One year ago, today, I was buzzing around a local hotel with other colleagues making sure that the next to the last day of our annual conference went smoothly. I remember being tired, but excited because Hope was on a bus headed home for spring break. I was looking forward to seeing her when I got home and maybe ordering takeout.
Little did I know that that was really *it* for us, in terms of going out and living free. I had taken a few days off from work to spend with her before she headed back to her small liberal arts college. I ended up working from home full time later that week, while we just assumed that she would be heading back to school in a couple of weeks when this COVID stuff all blew over.
Three weeks later we were packing up her dorm room masked and gloved up.
A week later I had COVID, assuredly contracted during our brief trip to pack up her things.
We’ve both been home ever since.
Hope did have a couple of summer jobs, but quit, in part, because classes resumed remotely in September.
We’d been managing to hold it together until then, but early fall presented an escalation in our struggle. Honestly, things just went totally left in August and it’s been a daily struggle ever since.
Hope experienced a series of traumas related to some decisions that 19-year-olds can be prone to making. Honestly, I made some of the same decisions, as did many other 19-year-olds I knew at the time. It’s just a wickedly unfair world that some of us pay dearly for those choices, while others get skate away trauma-free.
I had to really remind myself to meet Hope where she was and remember what that season of my life was like to be as empathetic as the moment required. It’s easy when you have nearly 30 years more life experience to forget what it was like and how easy it was to do something that didn’t seem like it might have lasting repercussions.
There were definitely days when I failed miserably at meeting the moment, and other days when I nailed it. I’m hoping that Hope shows me the grace I don’t deserve as the years pass.
The hits just kept coming through the fall and into the new year. This kinda lost pandemic year totally wreaked havoc on both of our mental health statuses. The loss of control, the lost freedom, the inability to have the usual levels of family and friend support has been so challenging.
I see a lot of loss ground for Hope in some ways; I see a lot of lost ground for me as well.
My own career soared during this time, but it came a huge cost. In the weeks following the murder of George Floyd, my job and voice was in high demand. There was little time for my own processing of grief and anger. It was mostly a lot of work.
And then after a month or so, a lot of anger and frustration about how folks chose to engage me, how little my own humanity seemed to matter, how much was just constantly demanded of me. I really had to start working on creating boundaries in ways I didn’t have or want to before.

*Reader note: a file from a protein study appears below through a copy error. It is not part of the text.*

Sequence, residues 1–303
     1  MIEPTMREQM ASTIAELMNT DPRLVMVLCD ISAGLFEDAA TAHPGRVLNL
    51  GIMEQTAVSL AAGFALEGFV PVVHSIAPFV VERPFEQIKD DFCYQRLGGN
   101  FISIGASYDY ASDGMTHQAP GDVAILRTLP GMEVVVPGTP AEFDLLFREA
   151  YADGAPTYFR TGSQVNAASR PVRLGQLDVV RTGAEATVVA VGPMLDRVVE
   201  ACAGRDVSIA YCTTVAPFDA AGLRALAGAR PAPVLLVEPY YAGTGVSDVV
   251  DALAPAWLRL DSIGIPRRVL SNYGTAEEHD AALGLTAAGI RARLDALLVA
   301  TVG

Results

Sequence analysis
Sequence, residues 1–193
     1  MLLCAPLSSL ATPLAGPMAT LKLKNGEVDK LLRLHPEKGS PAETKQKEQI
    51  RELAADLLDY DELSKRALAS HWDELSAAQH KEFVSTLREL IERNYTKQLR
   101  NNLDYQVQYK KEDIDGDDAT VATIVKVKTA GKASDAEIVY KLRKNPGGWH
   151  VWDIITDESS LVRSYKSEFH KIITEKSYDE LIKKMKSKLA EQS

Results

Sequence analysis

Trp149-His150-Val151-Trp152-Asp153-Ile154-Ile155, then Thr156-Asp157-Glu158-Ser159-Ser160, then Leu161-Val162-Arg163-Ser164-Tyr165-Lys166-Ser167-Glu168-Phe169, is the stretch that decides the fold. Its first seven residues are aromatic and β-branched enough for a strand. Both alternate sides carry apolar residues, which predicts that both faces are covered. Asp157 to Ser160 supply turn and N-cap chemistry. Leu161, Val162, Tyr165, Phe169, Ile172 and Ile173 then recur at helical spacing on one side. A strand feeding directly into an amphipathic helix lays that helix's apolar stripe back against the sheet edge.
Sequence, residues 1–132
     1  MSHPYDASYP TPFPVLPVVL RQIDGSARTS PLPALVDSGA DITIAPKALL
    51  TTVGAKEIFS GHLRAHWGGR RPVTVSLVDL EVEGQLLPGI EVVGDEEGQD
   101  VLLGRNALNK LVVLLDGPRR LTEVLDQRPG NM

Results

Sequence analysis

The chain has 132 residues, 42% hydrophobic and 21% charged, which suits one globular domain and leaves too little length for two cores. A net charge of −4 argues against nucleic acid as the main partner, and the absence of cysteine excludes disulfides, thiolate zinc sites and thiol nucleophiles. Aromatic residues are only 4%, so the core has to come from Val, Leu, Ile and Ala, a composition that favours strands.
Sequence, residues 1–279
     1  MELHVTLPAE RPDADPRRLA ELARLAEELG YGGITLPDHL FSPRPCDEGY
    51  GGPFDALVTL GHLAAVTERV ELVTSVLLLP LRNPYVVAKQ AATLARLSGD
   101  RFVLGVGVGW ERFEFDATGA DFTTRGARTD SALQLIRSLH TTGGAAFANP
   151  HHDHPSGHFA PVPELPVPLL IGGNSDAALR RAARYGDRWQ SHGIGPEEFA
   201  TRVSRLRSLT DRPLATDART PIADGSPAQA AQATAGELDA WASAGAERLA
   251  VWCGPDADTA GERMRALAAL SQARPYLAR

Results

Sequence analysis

Ten months later, I still trying to create boundaries with almost virtual electronic/barbed wire fencing. I do this in the face of receiving recognition for the work I do within a largely homogenous profession. The wear and tear on me this last year…whew.
Add on how I seem to be sliding into menopause…and I just feel…tired, cranky and crazy.
It’s all hard to describe, but it’s just perpetually feeling off. I’ve got some cream and I’ve upped my self-care game, but I’m headed to the doc this week to just talk about what I can and should be doing during this time to cling to my sanity and to not kill anyone.
This year has been hard.
But it hasn’t all been bad.
Hope and I are probably closer than we’ve ever been. Our parent/child relationship is evolving to a parent/young adult relationship. The biggest difference is knowing that being of legal age means I just have to let a few things go and focus on leaning into the years of trust we’ve built.
Our conversations are different. The gaps in knowledge around life skills are more apparent. My pushing and pulling is not seen through entirely negative eyes; she can tell me how she sees things. We are closer, and I’m hoping that whenever the next new normal lands that we’ll maintain this level of emotional connection. It’s nice.
I have also finally, genuinely moved to a place of acceptance regarding my body. This last decade of my life has featured a number of body betrayals that were just layered on to two previous decades of body image problems. I exercise every day. I try to eat reasonably healthy. I do not deny myself foods that I enjoy. I ride my bike. I walk a lot. I do videos and I invested in work-from-home equipment that would help me maintain some healthy habits.
I wrote some time ago that I really shifted my thinking to what my body can do and how to maintain and expand its capacity rather than focusing on how it looks. Honestly, regarding my body, the last 4-5 months or so have been the most liberating of my life.
I still fight negative thoughts, but they are fewer and far between.
Most of all, Hope sees me being less critical and that means a lot as well. She’s a beautiful girl, and she struggles to establish healthy eating and exercise habits. The best I can do is model them for her.
In total, it’s been a rough year. I don’t know when the pandemic will be “over.” I got my first vaccine a few days ago and I’m excited that I will be able to see my parents for the first time in nearly a year in a matter of weeks.
It will be a while before Hope is eligible for the vaccine. Because she’s unemployed and not in school this semester (much less hardly leaves the house), she’s very low risk and will be at the bottom of the list for the vaccine unless something changes. I’m hopeful that this year brings some better energy to both of us. I hope that we can get back to some version of our old normal at some point this year